‘This is a fierce, snarling, lively little tale, like being squashed into the backseat of an old Holden with a bunch of sticky kids. The raw authenticity of Christine Bongers’ first novel will appeal to readers in their mid-teens: there’s no danger of adult interference as Sis tells her story.’ Viewpoint on books for young adults, Vol 17, no 3 Spring 2009

‘Powerful, evocative and warm, Dust is about the impact of fundamental moments that shape our identities.’ Notebook Magazine, September 2009.

‘Bongers’ main character, Cecilia, is a smart, gutsy and lovable girl with a delightful rebellious streak. But this is much more than an Australian Anne of Green Gables. It is amusing and light-hearted, yet it steadily builds to a profoundly sad and disturbing crescendo. I loved it.’ 4 ½ STARS, Highly Recommended, Good Reading Magazine, July 2009.

“Christine is a novice writer and I believe her first book will create a minor sensation. She has captured the outback of the 70’s with an evocative and earthy flavour. Her story is complex, multi-faceted and sensitive-tough. This is as good as it gets, please show your English Department to allow for multiples.” Australian Standing orders, (Secondary Standing Order No. 6 2009)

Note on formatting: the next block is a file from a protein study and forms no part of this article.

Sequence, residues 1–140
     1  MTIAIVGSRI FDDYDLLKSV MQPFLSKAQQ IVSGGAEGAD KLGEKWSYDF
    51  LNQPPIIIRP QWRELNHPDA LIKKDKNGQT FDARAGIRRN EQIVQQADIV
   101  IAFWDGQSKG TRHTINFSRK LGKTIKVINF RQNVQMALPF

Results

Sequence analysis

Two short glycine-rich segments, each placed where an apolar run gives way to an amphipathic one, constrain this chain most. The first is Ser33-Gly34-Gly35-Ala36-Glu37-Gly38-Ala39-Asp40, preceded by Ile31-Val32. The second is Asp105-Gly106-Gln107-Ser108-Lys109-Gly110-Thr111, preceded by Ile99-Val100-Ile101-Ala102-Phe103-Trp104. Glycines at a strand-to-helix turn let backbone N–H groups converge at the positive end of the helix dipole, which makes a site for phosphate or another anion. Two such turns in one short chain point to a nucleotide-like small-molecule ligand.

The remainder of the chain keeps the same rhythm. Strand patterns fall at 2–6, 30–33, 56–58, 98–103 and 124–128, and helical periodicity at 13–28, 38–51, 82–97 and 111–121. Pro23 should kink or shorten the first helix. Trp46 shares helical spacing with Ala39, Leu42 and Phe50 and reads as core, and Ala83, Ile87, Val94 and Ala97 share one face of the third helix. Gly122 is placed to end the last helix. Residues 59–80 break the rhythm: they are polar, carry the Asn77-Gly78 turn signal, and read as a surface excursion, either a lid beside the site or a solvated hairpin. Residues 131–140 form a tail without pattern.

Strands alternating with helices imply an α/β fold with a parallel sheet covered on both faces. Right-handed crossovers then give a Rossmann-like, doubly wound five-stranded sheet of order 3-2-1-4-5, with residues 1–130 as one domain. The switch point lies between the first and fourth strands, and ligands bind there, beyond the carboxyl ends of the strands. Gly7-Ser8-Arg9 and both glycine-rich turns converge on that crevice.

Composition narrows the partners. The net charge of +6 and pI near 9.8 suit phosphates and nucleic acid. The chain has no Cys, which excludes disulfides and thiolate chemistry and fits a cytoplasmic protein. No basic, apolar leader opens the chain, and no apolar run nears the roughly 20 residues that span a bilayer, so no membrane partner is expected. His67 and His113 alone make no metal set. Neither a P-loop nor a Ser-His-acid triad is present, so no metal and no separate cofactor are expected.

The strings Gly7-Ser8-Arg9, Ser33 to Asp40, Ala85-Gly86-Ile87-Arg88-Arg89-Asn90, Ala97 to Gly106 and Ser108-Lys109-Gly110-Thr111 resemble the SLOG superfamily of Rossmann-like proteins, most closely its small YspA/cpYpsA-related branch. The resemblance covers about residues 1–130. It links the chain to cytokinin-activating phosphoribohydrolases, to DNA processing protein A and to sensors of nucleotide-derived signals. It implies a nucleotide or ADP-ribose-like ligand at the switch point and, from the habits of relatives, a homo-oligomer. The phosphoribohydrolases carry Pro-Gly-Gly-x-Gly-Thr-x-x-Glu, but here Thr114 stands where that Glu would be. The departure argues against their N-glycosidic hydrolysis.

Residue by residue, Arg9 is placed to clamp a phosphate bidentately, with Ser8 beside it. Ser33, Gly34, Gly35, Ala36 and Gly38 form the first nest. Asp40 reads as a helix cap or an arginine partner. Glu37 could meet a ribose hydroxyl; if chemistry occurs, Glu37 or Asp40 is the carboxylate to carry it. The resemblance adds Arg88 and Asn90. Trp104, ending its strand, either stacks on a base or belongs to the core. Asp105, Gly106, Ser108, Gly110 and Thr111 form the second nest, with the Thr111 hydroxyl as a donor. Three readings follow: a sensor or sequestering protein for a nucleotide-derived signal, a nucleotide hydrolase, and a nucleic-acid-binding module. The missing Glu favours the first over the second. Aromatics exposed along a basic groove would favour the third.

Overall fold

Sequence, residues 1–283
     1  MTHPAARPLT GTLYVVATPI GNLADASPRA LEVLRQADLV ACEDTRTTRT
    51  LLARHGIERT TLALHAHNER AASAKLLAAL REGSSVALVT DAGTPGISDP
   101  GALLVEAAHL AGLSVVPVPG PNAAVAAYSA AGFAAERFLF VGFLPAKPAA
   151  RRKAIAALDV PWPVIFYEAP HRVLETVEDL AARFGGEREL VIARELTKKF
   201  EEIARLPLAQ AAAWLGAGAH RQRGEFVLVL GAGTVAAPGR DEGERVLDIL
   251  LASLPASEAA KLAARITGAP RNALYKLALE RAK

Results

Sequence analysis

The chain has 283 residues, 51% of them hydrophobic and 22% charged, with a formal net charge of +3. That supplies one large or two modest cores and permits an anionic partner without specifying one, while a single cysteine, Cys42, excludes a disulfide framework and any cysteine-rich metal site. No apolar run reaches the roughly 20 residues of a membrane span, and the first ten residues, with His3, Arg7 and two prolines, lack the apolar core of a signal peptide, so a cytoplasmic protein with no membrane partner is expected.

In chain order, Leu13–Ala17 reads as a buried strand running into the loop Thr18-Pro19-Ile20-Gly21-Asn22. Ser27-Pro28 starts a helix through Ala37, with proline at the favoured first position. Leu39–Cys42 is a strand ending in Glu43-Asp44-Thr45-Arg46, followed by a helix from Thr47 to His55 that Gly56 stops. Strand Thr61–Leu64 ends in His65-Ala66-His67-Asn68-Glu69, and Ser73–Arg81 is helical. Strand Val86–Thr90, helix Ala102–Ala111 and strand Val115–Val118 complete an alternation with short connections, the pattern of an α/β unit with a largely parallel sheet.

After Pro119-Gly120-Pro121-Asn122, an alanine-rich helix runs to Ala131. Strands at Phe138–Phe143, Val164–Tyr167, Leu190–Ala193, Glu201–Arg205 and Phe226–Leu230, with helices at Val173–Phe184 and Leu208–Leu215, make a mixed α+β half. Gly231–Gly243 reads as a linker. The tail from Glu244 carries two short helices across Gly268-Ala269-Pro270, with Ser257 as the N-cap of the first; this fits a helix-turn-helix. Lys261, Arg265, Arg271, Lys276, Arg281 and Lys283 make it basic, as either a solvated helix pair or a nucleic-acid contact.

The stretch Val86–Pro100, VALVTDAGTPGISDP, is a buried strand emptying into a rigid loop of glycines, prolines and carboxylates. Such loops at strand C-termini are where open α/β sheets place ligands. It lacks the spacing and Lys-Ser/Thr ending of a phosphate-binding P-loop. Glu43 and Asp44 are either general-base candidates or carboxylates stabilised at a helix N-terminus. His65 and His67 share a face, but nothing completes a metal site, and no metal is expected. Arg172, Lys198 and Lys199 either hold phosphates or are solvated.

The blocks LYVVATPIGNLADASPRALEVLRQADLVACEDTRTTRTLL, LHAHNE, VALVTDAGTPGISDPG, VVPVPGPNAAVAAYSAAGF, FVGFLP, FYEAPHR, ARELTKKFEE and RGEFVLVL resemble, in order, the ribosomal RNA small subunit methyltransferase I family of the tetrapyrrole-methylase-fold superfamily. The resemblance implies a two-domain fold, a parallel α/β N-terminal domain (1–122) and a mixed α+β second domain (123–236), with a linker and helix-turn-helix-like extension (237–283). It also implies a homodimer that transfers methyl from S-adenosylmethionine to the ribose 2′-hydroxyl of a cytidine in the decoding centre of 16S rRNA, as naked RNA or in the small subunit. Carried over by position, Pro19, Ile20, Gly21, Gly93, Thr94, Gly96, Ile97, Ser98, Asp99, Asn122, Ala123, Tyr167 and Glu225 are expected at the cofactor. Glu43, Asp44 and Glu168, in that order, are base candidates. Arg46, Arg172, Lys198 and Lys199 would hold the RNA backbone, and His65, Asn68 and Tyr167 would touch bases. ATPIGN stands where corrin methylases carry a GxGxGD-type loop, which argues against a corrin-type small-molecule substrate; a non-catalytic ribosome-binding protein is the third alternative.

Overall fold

“Dust is a novel of transition: from drought to flood, from childhood to adolescence, from innocence to maturity, and from ignorance to hard-won wisdom. Told in beautifully lyrical yet surprisingly tough language, the novel perfectly evokes an Australia also in transition, socially and politically. It provides with remarkable clarity a glimpse into another era and into the hearts and minds of its beautifully drawn characters. Although set some 35 years ago, the novel rings with truths about the human condition that young readers today will easily recognise and value.” Judith Ridge, Teaching Support Kit, Dust

‘Bongers has written a book about a just-distant past which is likely to appeal to today’s teenagers. The issues of wanting to fit in, of not being understood, the fear of alienation, are constants for young people. Bongers’ characters know and feel these issues keenly. Dust will reward its readers.’ Courier Mail, 1 August 2009.